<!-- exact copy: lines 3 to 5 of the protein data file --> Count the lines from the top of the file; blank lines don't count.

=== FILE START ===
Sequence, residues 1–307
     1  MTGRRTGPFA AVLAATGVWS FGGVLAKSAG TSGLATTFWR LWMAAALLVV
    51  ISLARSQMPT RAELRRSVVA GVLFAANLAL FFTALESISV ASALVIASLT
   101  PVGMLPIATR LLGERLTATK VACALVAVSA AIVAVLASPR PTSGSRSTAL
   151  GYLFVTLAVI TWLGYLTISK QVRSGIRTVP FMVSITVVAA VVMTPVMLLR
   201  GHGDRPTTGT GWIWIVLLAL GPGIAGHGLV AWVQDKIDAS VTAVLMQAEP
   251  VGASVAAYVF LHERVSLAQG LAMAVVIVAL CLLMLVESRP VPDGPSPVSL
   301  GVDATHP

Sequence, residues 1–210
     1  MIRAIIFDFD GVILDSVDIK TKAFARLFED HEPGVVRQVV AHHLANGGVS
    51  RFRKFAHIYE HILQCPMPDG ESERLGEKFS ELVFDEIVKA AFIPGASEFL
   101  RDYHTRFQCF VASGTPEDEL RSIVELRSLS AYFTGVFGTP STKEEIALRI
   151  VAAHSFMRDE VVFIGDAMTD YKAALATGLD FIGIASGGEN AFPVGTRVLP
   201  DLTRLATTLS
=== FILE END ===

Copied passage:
    51  ISLARSQMPT RAELRRSVVA GVLFAANLAL FFTALESISV ASALVIASLT
   101  PVGMLPIATR LLGERLTATK VACALVAVSA AIVAVLASPR PTSGSRSTAL
   151  GYLFVTLAVI TWLGYLTISK QVRSGIRTVP FMVSITVVAA VVMTPVMLLR